The Supreme Court’s recent per curium opinion on OSHA’s vaccine-or-test mandate for businesses takes a practical approach to agency power, though the dissent would rather the Court have taken a more practical approach to the pandemic. The majority opinion holds that while OSHA has power to regulate dangers in the workplace, it cannot use the workplace as a proxy for protecting the entire country. We previously opined that Chief Judge Sutton’s dissent was “perhaps the most powerful (and the most narrow) judicial opinion against OSHA’s ETS,” and the opinion bears that out.

As expected, the Court’s chief complaint about the vaccine-or-test rule is that “OSHA has never before imposed such a mandate” and that Congress did not clearly grant the agency such power. The Court quotes Judge Sutton’s dissent that “[t]his is ‘no everyday exercise of federal power,’” and follows his analysis by moving directly to the major questions doctrine. Citing Alabama Assn. of Realtors v. Department of Health and Human Services (2021), the Court states that Congress must “speak clearly when authorizing an agency to exercise powers of vast economic and political significance.” It explains that the mandate is not a workplace safety standard but rather a broad public health measure and that “[a]lthough COVID-19 is a risk that occurs in many workplaces, it is not an occupational hazard in most.” In rejecting the dissent’s contention that the OSHA mandate is comparable to a fire or sanitation regulation imposed by the agency, the Court cites Judge Sutton again: “A vaccination, after all, ‘cannot be undone at the end of the workday.’”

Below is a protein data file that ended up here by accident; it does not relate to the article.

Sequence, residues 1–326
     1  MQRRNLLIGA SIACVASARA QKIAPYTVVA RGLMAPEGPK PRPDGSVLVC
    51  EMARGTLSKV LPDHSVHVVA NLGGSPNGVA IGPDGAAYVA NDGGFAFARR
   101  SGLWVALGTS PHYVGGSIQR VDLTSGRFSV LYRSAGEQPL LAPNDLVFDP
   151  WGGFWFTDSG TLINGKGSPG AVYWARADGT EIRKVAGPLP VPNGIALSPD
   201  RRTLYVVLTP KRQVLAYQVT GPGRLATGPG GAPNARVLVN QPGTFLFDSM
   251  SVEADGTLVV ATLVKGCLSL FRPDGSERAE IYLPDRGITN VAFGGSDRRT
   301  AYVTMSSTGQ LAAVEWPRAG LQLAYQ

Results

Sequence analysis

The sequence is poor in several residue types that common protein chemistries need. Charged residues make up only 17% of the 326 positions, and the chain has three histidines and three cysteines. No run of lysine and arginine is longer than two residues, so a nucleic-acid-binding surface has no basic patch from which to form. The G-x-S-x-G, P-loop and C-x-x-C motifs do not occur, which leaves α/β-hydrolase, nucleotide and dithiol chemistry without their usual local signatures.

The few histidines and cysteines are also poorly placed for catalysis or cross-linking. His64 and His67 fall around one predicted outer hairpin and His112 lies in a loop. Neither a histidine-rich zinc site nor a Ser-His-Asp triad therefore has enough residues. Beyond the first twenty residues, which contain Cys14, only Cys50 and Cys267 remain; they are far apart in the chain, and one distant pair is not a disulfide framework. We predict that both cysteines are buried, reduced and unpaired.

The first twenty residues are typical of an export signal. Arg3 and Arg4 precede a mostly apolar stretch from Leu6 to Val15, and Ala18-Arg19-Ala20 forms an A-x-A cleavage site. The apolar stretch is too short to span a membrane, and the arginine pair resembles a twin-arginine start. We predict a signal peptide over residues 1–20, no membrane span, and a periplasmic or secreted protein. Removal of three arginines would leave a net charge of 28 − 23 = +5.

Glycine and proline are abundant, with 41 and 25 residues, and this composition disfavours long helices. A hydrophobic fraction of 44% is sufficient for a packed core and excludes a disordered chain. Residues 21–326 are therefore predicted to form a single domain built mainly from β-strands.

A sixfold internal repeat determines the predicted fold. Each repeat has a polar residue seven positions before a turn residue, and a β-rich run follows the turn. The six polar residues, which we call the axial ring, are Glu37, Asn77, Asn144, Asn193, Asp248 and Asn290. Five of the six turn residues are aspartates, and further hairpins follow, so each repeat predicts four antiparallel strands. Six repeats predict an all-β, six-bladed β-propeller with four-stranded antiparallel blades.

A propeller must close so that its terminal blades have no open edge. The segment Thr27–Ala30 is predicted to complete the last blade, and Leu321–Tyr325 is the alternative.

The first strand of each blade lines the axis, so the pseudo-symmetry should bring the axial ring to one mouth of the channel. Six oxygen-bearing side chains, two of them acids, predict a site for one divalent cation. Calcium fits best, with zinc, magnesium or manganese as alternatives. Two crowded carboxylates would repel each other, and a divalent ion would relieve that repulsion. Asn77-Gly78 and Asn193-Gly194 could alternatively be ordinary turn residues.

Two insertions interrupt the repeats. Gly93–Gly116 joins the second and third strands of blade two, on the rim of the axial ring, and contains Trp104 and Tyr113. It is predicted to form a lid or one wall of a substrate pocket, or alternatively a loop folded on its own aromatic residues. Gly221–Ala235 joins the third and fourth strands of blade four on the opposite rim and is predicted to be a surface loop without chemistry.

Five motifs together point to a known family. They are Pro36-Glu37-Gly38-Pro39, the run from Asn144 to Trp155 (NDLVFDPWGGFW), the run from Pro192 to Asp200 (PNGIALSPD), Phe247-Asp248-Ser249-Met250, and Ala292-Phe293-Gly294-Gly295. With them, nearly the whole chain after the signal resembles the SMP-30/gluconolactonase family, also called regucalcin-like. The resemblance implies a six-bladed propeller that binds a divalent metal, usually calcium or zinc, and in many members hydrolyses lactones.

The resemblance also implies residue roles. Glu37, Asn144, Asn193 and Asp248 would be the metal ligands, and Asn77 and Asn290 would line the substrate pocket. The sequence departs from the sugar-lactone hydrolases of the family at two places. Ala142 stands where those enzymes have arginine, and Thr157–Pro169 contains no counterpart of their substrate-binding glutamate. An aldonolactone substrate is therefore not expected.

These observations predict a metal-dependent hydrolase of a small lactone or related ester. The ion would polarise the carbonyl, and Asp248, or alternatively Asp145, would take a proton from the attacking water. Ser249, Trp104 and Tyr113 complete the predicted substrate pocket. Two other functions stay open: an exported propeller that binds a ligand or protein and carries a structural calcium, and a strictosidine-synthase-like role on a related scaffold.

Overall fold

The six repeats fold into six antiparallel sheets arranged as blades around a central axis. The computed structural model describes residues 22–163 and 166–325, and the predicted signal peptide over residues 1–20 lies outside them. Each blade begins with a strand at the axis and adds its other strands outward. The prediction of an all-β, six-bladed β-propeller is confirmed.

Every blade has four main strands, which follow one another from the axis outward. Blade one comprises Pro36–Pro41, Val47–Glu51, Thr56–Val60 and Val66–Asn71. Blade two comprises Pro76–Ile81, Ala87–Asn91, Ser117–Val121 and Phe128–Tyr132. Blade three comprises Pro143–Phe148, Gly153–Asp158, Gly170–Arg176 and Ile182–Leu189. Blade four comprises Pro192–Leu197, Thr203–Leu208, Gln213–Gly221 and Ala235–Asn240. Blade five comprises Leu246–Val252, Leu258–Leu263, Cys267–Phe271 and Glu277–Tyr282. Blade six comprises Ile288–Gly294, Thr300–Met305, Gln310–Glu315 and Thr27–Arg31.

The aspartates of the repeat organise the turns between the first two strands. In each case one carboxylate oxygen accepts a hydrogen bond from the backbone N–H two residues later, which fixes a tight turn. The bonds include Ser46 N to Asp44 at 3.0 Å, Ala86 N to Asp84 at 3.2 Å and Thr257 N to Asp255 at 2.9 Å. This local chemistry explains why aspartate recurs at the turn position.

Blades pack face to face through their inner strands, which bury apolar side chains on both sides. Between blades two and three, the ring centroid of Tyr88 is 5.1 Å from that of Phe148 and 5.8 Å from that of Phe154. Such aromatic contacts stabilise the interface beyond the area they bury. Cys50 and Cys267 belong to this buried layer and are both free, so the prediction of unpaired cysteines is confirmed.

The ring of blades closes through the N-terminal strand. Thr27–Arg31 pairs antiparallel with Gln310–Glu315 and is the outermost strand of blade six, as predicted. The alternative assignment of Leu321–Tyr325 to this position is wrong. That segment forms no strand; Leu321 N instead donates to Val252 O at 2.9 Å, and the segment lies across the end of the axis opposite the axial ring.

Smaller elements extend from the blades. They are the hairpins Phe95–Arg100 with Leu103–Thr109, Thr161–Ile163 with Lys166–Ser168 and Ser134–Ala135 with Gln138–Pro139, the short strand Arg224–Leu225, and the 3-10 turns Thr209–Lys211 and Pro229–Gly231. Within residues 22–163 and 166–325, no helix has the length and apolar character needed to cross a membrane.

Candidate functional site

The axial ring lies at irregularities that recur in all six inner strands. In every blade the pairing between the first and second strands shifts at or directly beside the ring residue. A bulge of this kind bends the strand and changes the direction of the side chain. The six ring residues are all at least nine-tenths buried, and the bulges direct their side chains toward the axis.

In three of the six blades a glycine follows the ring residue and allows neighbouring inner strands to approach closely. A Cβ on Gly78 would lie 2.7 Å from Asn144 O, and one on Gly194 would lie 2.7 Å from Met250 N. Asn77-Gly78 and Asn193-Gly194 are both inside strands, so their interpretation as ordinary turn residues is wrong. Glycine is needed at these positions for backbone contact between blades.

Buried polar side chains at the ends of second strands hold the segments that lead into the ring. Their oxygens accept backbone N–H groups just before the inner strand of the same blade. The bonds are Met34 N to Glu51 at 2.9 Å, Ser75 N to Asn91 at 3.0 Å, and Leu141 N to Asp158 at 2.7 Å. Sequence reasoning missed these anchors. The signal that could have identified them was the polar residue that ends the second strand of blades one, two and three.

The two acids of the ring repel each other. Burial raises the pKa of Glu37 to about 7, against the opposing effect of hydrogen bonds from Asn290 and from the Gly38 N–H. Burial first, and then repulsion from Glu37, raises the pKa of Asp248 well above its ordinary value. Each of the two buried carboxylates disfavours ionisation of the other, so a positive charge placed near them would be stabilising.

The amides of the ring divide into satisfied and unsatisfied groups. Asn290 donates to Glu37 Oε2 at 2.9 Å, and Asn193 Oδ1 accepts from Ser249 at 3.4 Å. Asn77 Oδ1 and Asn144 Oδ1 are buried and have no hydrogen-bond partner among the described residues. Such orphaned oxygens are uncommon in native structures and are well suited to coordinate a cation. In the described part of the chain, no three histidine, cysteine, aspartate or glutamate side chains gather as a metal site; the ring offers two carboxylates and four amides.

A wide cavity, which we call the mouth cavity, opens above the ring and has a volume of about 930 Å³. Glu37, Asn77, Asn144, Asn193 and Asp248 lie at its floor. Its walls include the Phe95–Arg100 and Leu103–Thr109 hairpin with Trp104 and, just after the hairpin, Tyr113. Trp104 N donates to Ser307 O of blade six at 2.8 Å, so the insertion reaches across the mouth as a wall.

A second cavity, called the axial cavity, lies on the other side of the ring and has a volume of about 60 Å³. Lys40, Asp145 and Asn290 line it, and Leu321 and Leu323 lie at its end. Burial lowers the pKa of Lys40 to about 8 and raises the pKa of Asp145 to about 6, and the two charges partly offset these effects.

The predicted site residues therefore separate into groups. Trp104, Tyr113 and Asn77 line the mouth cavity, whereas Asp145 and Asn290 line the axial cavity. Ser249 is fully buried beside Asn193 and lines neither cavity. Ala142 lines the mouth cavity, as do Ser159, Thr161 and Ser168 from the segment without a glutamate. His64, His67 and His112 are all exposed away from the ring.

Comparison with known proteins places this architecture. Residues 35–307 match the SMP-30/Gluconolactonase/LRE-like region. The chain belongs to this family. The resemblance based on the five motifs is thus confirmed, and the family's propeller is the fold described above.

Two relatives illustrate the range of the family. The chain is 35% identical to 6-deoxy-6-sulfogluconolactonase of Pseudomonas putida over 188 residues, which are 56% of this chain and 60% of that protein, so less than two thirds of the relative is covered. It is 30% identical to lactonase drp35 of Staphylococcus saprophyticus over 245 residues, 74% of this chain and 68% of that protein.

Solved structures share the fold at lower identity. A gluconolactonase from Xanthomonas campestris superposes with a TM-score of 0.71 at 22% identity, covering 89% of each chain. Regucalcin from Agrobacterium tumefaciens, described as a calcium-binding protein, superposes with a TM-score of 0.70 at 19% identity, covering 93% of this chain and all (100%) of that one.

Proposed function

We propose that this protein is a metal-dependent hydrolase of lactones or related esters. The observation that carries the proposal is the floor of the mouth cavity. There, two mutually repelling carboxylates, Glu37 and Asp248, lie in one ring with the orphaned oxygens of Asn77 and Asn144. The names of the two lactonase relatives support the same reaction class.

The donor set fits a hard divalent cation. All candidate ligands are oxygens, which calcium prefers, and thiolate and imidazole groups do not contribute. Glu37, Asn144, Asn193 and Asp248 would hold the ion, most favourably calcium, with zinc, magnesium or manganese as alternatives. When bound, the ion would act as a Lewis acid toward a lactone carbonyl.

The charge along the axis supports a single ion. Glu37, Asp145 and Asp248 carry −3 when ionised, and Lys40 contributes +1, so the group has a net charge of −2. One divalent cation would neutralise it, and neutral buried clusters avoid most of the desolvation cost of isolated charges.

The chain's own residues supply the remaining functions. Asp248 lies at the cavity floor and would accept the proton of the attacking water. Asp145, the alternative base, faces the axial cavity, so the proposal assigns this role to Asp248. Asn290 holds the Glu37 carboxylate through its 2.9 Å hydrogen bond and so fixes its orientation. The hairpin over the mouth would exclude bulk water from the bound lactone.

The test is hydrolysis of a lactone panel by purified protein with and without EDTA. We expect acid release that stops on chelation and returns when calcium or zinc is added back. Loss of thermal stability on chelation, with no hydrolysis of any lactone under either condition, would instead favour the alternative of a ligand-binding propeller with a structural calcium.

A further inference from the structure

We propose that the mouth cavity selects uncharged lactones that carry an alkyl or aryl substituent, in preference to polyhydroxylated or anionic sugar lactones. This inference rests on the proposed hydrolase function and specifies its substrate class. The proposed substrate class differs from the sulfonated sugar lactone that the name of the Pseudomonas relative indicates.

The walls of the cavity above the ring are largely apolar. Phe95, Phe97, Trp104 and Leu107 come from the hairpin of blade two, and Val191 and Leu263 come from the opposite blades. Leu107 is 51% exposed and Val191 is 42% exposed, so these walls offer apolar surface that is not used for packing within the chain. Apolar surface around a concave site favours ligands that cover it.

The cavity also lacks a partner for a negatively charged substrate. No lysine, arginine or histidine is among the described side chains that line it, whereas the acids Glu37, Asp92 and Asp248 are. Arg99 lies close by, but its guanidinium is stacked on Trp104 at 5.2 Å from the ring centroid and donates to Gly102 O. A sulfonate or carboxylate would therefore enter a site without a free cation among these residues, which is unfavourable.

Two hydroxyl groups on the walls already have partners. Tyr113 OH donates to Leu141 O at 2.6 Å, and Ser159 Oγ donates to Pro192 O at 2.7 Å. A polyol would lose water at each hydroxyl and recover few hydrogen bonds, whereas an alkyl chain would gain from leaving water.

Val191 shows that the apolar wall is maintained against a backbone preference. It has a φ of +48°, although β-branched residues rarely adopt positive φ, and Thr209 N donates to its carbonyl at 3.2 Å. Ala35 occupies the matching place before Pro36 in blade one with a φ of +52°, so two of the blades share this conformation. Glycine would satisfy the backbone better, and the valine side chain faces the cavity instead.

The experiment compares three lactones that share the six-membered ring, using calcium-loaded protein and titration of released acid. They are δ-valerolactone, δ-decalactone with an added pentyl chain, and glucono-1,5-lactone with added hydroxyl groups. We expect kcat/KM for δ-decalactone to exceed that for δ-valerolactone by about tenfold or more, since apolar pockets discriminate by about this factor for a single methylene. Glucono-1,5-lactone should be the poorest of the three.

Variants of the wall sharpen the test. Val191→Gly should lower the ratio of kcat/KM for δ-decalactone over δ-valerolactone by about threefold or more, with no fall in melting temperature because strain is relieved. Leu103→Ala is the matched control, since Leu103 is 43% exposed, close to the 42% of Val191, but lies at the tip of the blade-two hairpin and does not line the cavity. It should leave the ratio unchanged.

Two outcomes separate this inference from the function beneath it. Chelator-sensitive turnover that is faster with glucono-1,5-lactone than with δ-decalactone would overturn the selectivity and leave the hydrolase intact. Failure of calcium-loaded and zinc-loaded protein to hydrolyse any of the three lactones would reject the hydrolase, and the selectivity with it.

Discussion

As suggested during oral argument, the Court’s opinion appears to allow OSHA to issue regulations that specifically target COVID-related dangers that are heightened in a particular workplace or in a particular job. (The Court, of course, essentially makes good on this promise by allowing the CMS mandate to stay intact.) Interestingly, the opinion declines to balance the equities after concluding that the challengers are likely to succeed on the merits, holding that weighing “such tradeoffs” is not the Court’s role “[i]n our system of government.”

Justice Gorsuch’s concurrence, joined by Justices Thomas and Alito, also follows Judge Sutton by explicitly asking “who decides?” a framing Judge Sutton has popularized in federalism cases, see, e.g., DeBoer v. Snyder, 772 F.3d 388 (6th Cir. 2014) and in his new book (which borrows the question for its title). Justice Gorsuch also gives Judge Sutton his fourth cite in the case, and explains “[w]hy … the major questions doctrine matter[s].” The doctrine “guard[s] against unintentional, oblique, or otherwise unlikely delegations of the legislative power.” These justices believe that Congress did not intend for OSHA to make such sweeping policies through mandates.

In dissent, Justices Breyer, Sotomayor, and Kagan powerfully highlight the “grave dangers” COVID-19 poses to Americans and American workers. They note that it “has by now killed almost 1 million Americans and hospitalized almost 4 million.” The mandate therefore “falls within the core of the agency’s mission: to ‘protect employees’ from ‘grave danger’ that comes from ‘new hazards’ or exposure to harmful agents.” The dissent also acknowledges that “[u]nderlying everything else in this dispute is a single, simple question: ‘Who decides[?]’” To the dissent, the answer should be the agency “with expertise in workplace health and safety, acting as Congress and the Present authorized”—not the Supreme Court, which is“lacking any knowledge of how to safeguard workplaces, and insulated from responsibility for any damage it causes.”